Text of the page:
Picking the president isn't the only decision voters will have to make Tuesday. Voters in four deep blue states are also weighing in on marriage and how it should be defined.
In Washington, Minnesota, Maine, and Maryland, voters will decide on marriage and what kind of history they want to make.
If all four states vote for traditional marriage, they'll extend an unbroken record where voters in 32 states have supported the traditional institution.
In Washington, voters will decide whether to let stand a gay marriage law approved by lawmakers and the governor. Supporters of the law include major employers like Starbucks, Amazon, and Microsoft.
In Minnesota, the vote centers on a constitutional amendment that defines marriage as between one man and one woman.
In Maryland, voters will also consider a gay marriage law passed earlier this year. Traditional marriage strategist Frank Schubert, president of Mission: Public Affairs, said the black church could make the difference.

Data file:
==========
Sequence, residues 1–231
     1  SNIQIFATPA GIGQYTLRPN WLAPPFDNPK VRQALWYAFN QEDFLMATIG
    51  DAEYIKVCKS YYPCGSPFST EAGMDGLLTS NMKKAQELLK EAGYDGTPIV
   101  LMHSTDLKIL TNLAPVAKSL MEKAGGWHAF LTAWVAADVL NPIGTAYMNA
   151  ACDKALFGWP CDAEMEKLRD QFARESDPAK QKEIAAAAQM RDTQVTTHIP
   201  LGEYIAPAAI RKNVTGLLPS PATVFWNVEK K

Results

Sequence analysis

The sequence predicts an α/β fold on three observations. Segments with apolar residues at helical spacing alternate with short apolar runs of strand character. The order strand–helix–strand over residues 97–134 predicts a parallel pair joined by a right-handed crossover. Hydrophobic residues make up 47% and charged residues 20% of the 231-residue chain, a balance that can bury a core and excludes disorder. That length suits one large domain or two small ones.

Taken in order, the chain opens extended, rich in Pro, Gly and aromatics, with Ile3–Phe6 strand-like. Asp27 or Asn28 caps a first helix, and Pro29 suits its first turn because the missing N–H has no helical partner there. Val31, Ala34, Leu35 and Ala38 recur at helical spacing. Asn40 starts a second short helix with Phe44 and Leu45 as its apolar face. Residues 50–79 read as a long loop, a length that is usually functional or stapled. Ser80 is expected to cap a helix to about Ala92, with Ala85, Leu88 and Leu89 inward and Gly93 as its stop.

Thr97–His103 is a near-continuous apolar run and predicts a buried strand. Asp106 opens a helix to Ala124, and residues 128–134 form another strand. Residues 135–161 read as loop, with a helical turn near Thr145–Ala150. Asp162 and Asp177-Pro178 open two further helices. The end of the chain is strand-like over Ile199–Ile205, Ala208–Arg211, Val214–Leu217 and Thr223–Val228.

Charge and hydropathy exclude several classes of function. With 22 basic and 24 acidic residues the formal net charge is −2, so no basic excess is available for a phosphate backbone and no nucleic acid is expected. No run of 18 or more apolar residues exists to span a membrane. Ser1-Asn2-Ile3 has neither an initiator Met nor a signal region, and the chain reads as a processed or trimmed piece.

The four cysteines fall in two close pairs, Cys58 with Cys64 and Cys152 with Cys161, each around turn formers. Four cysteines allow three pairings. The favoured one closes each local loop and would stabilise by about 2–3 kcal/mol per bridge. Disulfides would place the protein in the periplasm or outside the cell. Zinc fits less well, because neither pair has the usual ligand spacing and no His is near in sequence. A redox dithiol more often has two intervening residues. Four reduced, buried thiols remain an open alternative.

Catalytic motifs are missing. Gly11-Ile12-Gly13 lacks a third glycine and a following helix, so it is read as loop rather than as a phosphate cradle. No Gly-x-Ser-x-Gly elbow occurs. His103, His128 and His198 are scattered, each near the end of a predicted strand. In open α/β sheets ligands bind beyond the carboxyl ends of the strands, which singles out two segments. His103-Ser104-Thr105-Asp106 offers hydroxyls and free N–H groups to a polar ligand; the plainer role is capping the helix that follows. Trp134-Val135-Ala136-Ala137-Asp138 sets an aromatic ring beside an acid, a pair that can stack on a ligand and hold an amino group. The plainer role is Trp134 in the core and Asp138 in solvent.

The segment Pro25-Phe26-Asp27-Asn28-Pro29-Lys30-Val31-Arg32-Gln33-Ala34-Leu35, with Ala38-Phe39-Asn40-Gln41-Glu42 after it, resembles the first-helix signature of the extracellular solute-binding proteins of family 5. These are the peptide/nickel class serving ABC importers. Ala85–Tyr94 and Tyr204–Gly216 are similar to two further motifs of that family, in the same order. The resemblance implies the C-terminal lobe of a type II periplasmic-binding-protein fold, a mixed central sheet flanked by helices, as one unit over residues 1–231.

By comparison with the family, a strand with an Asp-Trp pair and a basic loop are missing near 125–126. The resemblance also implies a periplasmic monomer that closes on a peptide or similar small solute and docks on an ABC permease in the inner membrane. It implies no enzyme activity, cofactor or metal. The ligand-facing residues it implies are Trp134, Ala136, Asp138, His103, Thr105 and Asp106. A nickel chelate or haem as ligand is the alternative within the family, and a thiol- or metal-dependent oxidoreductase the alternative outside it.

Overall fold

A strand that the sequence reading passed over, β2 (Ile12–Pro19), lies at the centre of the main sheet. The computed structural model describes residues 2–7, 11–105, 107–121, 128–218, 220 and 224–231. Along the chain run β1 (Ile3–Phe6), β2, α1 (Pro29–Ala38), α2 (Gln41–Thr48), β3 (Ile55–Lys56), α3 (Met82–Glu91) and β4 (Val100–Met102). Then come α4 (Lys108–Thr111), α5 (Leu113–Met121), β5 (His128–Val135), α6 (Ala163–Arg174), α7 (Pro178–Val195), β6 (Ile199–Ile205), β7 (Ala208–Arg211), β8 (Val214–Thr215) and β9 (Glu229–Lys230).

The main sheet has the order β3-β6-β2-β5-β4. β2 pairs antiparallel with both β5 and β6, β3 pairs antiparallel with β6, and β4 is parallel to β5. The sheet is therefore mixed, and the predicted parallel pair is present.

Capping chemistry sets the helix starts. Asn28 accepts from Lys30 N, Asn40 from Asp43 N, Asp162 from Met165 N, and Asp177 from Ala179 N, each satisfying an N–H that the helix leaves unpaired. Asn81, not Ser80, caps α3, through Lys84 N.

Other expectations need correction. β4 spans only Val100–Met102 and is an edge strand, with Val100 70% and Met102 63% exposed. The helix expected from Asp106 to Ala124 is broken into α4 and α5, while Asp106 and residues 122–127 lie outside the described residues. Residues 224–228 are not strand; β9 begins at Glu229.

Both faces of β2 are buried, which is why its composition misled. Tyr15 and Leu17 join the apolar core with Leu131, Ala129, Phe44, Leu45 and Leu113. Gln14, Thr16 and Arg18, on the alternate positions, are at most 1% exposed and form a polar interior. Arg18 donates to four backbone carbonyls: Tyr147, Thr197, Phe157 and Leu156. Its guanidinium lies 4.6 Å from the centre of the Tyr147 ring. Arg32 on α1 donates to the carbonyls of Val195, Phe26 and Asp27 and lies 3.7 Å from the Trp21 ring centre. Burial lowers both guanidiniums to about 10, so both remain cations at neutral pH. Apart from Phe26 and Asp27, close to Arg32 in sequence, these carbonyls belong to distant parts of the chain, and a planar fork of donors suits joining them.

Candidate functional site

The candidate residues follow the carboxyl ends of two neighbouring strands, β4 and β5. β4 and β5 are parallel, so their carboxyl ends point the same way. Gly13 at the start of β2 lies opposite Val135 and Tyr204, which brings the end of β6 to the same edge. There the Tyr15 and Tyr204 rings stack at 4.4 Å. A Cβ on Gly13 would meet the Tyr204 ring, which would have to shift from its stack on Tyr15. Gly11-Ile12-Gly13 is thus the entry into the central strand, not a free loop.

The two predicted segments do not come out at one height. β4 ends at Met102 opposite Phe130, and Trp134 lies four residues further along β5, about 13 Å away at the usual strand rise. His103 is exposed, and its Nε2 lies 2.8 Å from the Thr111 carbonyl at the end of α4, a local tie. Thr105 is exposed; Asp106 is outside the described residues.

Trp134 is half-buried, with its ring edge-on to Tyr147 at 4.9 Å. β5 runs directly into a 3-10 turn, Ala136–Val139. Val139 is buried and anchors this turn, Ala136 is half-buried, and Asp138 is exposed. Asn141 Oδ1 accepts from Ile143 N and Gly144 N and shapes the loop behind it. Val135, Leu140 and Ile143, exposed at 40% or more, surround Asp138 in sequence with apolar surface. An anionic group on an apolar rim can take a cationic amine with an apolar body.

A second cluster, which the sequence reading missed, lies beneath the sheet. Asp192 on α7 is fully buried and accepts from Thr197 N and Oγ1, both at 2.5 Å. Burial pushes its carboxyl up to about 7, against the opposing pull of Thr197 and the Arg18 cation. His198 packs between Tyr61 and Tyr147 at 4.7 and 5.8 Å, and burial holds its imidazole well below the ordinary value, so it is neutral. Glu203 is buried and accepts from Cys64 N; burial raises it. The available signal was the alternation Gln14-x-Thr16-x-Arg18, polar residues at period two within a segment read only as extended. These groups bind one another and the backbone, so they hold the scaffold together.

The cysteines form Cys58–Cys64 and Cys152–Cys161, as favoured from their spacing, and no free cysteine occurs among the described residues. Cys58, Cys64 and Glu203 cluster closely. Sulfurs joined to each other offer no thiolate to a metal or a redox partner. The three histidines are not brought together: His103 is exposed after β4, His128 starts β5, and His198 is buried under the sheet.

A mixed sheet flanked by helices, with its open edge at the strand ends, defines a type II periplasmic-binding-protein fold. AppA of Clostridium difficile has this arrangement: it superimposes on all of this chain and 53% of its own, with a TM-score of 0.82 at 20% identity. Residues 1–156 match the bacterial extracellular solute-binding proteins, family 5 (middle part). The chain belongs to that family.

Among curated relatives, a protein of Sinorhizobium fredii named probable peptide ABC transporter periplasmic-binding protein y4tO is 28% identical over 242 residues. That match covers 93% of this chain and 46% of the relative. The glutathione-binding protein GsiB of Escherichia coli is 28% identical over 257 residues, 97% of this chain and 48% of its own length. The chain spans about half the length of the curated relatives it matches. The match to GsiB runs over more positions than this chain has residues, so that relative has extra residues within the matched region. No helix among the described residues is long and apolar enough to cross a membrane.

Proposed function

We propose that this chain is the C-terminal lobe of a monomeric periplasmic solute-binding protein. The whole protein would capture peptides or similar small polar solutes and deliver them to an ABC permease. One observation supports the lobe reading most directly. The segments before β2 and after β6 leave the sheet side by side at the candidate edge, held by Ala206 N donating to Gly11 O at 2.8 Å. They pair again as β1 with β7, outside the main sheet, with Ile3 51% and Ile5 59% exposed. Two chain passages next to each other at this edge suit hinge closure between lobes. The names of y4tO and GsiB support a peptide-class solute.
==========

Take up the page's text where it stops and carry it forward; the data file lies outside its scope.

"A little over 20 percent of voters in Maryland are African-American and our opponents have really furiously gone after trying to conflict that vote," Schubert said.
In Maine, voters will sound off for the second time in three years. In 2009, they overturned a gay marriage bill passed by lawmakers. This year voters will decided whether to approve a new measure to legalize it.
In all four states traditional marriage forces face a fund-raising disadvantage. So far, they've raised just $12 million compared to $25 million on the gay marriage side.
For both camps the stakes are high. Not only do these votes matter for each state, they could affect the nation. Many believe the U.S. Supreme Court is watching, looking to see if the public has shifted.
"If the Supreme Court were to conclude that somehow the American people have changed and they now support same-sex marriage, it would make it easier for them to redefine marriage by judicial fiat," Schubert said.